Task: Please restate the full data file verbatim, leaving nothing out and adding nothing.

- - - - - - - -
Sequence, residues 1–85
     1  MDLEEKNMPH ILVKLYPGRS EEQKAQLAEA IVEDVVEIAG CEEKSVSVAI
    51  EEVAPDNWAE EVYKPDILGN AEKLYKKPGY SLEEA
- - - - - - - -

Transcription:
Sequence, residues 1–85
     1  MDLEEKNMPH ILVKLYPGRS EEQKAQLAEA IVEDVVEIAG CEEKSVSVAI
    51  EEVAPDNWAE EVYKPDILGN AEKLYKKPGY SLEEA